# While searching for non-isomorph subgroups of order 2002 I just encountered something, which I want to understand. Obviously I looked for abelian subgroups first and found 2002=2^2 cdot 503 so we have the groups Z/2^2 Z times Z/503Z, Z/2Z times Z/2Z times Z/503Z Liberty Page 2022-09-20 Answered
Nonisomorph groups of order 2002
While searching for non-isomorph subgroups of order 2002 I just encountered something, which I want to understand. Obviously I looked for abelian subgroups first and found $2002={2}^{2}\ast 503$ so we have the groups
$\mathbb{Z}/{2}^{2}\mathbb{Z}×\mathbb{Z}/503\mathbb{Z},\mathbb{Z}/2\mathbb{Z}×\mathbb{Z}/2\mathbb{Z}×\mathbb{Z}/503\mathbb{Z}$
Now I want to understand why those two are not isomorph. I know that for two groups $\mathbb{Z}/n\mathbb{Z}×\mathbb{Z}/m\mathbb{Z}\cong \mathbb{Z}/\left(nm\right)\mathbb{Z}$ it has to hold that $gcd\left(n,m\right)=1$. But I don't understand how we can compare Groups written as two products with groups written as three products as above, how does that work? And I think that goes in the same direction: How is it then at the same time that
$\mathbb{Z}/4\mathbb{Z}×\mathbb{Z}/503\mathbb{Z}\cong \mathbb{Z}/2012\mathbb{Z}≆\mathbb{Z}/2\mathbb{Z}×\mathbb{Z}/2\mathbb{Z}×\mathbb{Z}/503\mathbb{Z}\cong \mathbb{Z}/2\mathbb{Z}×\mathbb{Z}/1006Z$
because $gcd\left(4,2012\right)\ne 1,gcd\left(2,2\right)\ne 1,gcd\left(503,1006\right)\ne 1$. I don't understand the difference to the first comparison.
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Step 1
Here's where the hypothesis $gcd\left(n,m\right)=1$ plays a role : if $d:=gcd\left(n,m\right)\ne 1$, then $\mathbb{Z}/nm\mathbb{Z}$ has an element of order ${d}^{2}$ but $\mathbb{Z}/n\mathbb{Z}×\mathbb{Z}/m\mathbb{Z}$ does not.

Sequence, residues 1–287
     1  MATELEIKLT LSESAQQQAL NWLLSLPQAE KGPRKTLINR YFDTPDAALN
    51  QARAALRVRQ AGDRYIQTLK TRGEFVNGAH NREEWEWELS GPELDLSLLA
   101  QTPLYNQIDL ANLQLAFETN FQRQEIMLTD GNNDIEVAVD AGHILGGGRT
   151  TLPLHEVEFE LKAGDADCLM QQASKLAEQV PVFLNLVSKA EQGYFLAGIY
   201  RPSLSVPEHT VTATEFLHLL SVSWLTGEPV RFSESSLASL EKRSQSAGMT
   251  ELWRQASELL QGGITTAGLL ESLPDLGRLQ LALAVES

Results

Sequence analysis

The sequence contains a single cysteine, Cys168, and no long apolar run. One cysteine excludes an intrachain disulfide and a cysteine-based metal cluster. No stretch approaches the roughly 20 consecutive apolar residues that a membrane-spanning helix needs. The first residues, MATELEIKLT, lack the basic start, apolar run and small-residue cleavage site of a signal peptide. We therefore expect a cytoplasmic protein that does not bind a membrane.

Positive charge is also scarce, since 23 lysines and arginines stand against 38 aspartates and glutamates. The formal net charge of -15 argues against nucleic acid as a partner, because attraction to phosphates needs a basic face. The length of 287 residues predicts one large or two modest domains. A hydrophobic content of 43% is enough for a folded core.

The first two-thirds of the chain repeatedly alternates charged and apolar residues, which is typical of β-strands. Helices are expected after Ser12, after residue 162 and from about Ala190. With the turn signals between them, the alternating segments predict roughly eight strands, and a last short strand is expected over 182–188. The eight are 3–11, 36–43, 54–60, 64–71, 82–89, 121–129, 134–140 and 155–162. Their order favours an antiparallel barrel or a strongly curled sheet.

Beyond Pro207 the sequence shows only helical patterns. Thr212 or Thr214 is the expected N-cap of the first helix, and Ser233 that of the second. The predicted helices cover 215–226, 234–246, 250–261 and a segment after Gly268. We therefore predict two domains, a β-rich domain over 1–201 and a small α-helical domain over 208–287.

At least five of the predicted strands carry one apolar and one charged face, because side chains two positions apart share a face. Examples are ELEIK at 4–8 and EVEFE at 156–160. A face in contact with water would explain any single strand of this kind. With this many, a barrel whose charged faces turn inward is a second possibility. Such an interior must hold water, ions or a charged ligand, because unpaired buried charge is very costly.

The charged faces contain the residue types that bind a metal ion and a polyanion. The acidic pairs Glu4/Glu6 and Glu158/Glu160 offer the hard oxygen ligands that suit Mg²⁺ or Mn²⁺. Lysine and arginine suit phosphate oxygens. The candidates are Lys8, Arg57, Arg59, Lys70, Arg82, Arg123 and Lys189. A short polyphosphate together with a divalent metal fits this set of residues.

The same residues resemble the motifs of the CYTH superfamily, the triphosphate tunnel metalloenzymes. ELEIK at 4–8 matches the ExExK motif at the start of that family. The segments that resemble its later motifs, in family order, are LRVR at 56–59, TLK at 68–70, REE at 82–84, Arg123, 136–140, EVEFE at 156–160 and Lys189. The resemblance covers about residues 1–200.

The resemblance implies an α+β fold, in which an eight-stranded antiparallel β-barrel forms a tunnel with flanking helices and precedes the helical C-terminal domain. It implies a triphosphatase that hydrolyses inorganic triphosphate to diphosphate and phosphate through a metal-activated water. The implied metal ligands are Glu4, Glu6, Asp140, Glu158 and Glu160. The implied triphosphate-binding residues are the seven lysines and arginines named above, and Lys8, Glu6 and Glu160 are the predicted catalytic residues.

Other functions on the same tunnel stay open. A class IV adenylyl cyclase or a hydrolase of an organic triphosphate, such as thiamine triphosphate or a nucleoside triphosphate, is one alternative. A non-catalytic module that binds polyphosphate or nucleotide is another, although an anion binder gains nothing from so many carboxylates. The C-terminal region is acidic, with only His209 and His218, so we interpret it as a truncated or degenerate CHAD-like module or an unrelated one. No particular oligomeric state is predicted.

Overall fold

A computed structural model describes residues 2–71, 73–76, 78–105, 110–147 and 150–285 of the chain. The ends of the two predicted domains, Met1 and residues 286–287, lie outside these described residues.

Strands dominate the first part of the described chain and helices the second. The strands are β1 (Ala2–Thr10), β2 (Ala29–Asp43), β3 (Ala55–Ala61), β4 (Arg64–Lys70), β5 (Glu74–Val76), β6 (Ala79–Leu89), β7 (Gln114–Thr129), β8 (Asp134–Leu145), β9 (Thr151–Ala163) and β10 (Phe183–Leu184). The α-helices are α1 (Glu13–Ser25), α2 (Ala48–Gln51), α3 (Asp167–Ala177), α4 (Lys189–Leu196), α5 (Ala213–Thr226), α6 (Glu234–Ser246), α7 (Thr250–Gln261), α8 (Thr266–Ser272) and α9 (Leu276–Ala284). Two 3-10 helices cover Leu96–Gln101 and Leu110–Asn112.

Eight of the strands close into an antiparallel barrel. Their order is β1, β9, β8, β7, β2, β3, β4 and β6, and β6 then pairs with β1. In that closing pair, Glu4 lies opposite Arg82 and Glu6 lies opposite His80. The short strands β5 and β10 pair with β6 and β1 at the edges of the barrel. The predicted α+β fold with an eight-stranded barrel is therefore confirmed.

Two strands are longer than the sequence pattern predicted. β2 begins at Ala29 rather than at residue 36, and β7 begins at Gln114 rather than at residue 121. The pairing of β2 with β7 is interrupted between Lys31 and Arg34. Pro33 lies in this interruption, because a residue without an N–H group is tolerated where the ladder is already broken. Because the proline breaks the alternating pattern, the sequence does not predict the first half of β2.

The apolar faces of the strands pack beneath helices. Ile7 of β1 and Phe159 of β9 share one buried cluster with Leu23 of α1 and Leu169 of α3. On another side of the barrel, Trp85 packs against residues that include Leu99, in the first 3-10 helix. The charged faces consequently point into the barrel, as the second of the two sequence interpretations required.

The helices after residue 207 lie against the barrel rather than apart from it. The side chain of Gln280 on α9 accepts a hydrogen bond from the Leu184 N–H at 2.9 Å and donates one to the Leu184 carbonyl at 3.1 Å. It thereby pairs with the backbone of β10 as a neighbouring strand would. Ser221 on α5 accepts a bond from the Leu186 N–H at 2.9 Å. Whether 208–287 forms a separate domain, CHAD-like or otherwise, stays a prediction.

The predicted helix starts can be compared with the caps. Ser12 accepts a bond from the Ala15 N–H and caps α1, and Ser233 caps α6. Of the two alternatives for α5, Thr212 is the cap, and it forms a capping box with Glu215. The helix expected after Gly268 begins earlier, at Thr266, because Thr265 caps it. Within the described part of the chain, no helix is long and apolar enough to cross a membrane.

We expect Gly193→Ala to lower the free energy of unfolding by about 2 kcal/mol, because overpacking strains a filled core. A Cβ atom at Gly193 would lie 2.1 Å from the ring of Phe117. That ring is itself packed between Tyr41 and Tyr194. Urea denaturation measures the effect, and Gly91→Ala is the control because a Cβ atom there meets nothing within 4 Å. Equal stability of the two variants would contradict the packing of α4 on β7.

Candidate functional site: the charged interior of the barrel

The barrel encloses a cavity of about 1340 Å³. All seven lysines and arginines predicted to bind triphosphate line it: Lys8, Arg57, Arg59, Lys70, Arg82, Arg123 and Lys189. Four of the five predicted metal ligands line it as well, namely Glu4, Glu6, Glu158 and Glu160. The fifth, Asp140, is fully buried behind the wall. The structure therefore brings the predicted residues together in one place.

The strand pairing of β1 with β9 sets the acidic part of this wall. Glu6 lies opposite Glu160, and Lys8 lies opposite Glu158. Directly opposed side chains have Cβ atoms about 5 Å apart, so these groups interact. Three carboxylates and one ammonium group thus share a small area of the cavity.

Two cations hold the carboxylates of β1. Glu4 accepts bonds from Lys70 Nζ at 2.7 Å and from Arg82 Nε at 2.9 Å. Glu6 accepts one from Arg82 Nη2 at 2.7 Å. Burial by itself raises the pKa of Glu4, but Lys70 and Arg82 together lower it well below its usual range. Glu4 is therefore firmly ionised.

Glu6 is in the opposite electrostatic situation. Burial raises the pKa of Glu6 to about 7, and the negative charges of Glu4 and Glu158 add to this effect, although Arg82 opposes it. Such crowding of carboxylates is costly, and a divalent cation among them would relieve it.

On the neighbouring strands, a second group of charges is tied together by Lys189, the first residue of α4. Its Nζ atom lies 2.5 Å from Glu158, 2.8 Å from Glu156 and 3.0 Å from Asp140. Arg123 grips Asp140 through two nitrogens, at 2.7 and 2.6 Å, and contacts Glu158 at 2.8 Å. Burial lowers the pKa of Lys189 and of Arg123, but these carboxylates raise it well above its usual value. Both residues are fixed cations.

Step 2
In your example, $\mathbb{Z}/4\mathbb{Z}×\mathbb{Z}/503\mathbb{Z}$ has an element of order 4 (namely (1,0)), but $\mathbb{Z}/2\mathbb{Z}×\mathbb{Z}/1006\mathbb{Z}$ has no element of order 4.

We have step-by-step solutions for your answer! Celinamg8
Step 1
First let's note that ${2}^{2}\cdot 503=2012\ne 2002$
Abelian groups of order 2002:
There is only one Abelian group of order 2002, namely
${\mathbb{Z}}_{2002}\cong {\mathbb{Z}}_{2}×{\mathbb{Z}}_{7}×{\mathbb{Z}}_{11}×{\mathbb{Z}}_{13}$
Abelian groups of order 2012:
Since $2012={2}^{2}\cdot 503$ it might initially seem like there are four possibilities:
${\mathbb{Z}}_{2}×{\mathbb{Z}}_{2}×{\mathbb{Z}}_{503}$
${\mathbb{Z}}_{4}×{\mathbb{Z}}_{503}$
${\mathbb{Z}}_{2}×{\mathbb{Z}}_{1006}$
${\mathbb{Z}}_{2012}$
Step 2
But using the fact that
${\mathbb{Z}}_{n}×{\mathbb{Z}}_{m}\cong {\mathbb{Z}}_{nm}\phantom{\rule{1em}{0ex}}\text{iff}\phantom{\rule{1em}{0ex}}GCD\left(n,m\right)=1.$
we get that
${\mathbb{Z}}_{2}×{\mathbb{Z}}_{2}×{\mathbb{Z}}_{503}\cong {\mathbb{Z}}_{2}×{\mathbb{Z}}_{1006}$
and
${\mathbb{Z}}_{4}×{\mathbb{Z}}_{503}\cong {\mathbb{Z}}_{2012}$
and
${\mathbb{Z}}_{2}×{\mathbb{Z}}_{1006}≆{\mathbb{Z}}_{2012}$
Hence there are exactly two non-isomorphic groups of order 2012.

We have step-by-step solutions for your answer!